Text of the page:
Michael K. Cahalan, Professor and former chairman of Anesthesiology at the University of Utah Hospitals, passed away in Salt Lake City on Saturday, March 9, at the age of 69. He battled leukemia for several months.
Michael was born in Harrisburg, Pennsylvania where he attended Mercersburg Academy. He went on to Harvard University where he was an All-American swimmer, serving as captain of the swim team and winning many collegiate medals. Michael graduated from Temple University Medical School, completed his medical internship at Milton S. Hershey University Medical Center and residency and fellowship in Anesthesiology at the University of California, San Francisco (UCSF). He then joined the faculty at UCSF where he served as the Chief of Anesthesia for Pediatric and Adult Cardiac Surgery for most of his 22 years. His research interest primarily involved a then-new technology, Transesophageal Echocardiography. He used the first equipment brought to the United States in 1980 demonstrating the utility of the technology which permits real-time imaging of the beating heart during surgery and is now standard-of-care. In 2001, Dr. Cahalan became Professor and Chair of the Department of Anesthesiology at the University of Utah School of Medicine. He served as chairman for 15 years and remained on the faculty until his death.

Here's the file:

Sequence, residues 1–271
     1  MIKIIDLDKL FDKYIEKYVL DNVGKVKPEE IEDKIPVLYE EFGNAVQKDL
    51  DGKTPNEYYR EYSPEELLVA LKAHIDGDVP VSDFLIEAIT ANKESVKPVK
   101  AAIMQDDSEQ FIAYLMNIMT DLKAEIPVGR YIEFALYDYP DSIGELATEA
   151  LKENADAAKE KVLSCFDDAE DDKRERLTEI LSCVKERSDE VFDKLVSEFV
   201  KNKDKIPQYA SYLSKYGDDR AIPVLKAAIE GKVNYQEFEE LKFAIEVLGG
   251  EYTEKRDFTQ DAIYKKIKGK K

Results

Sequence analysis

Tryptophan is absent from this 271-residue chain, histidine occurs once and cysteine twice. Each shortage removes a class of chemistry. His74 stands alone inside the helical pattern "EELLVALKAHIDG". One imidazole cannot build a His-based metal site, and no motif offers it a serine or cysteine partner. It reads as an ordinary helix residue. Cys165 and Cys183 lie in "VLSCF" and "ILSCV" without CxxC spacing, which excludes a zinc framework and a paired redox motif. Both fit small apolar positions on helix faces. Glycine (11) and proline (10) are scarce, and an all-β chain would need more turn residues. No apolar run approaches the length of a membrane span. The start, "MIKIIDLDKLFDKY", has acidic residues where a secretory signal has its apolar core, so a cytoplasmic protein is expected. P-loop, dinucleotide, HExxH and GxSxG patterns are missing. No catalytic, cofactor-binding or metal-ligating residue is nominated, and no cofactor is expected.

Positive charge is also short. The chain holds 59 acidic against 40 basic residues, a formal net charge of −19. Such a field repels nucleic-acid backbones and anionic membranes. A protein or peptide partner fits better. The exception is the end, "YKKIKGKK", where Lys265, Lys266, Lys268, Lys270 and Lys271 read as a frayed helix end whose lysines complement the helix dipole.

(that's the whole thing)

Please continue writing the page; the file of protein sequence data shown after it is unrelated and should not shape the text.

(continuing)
Dr. Cahalan's professional life was characterized by success in research, teaching, clinical care and administration. He authored numerous scientific articles and book chapters and served as editor of multiple major medical journals and books. He was a visiting professor or invited speaker over 200 times around the world. He mentored generations of anesthesiology residents and faculty colleagues in San Francisco and Salt Lake City demonstrating a keen ability to assess talent and help individuals develop their strengths. His leadership style was always congenial and fair-minded.
During his anesthesia training in San Francisco, Michael met and married Marianne Troy, who was the head cardiac surgery nurse at UCSF. They shared a vibrant and active life for over 42 years and spent most of their leisure time together. Golf, fishing, swimming, camping, cooking and travel were among his passions.
Dr. Cahalan will perhaps be best remembered for his character—calm, kind, funny and ready to entertain with a story. His point of view was informed by compassion and a strong moral compass. He put others at ease and accomplished more with persuasion than exertion of his power.
He is survived by his loving wife Marianne; sister, Beth Gillmor of Austin, Texas; brother and sister-in-law Thomas and Linda Cahalan of Park City, Utah and a large extended family and circle of friends.
The material in this article is used with permissionfrom the Spring 2019 issue of Central Line, published by the Department of Anesthesiology, University of Utah School of Medicine, titled “Remembering Dr. Michael Cahalan.”